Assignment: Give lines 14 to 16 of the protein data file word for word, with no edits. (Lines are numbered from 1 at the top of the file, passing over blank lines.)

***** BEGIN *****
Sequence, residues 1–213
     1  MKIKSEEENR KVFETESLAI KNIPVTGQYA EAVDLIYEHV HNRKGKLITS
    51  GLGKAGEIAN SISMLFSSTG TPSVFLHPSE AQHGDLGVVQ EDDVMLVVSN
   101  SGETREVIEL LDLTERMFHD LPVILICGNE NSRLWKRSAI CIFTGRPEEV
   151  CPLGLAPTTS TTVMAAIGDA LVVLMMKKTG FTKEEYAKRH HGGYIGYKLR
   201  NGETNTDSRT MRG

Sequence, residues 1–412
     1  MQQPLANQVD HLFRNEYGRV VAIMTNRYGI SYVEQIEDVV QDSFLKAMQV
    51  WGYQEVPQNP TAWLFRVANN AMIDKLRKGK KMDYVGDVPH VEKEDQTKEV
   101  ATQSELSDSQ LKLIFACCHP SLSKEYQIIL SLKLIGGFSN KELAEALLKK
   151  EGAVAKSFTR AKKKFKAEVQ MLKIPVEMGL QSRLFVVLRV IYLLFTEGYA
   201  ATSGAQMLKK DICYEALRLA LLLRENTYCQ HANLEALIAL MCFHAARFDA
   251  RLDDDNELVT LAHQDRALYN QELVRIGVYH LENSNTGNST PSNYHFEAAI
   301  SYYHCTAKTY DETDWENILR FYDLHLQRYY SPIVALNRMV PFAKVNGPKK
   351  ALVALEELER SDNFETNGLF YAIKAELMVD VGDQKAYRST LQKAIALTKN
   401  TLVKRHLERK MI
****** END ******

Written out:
   301  SYYHCTAKTY DETDWENILR FYDLHLQRYY SPIVALNRMV PFAKVNGPKK
   351  ALVALEELER SDNFETNGLF YAIKAELMVD VGDQKAYRST LQKAIALTKN
   401  TLVKRHLERK MI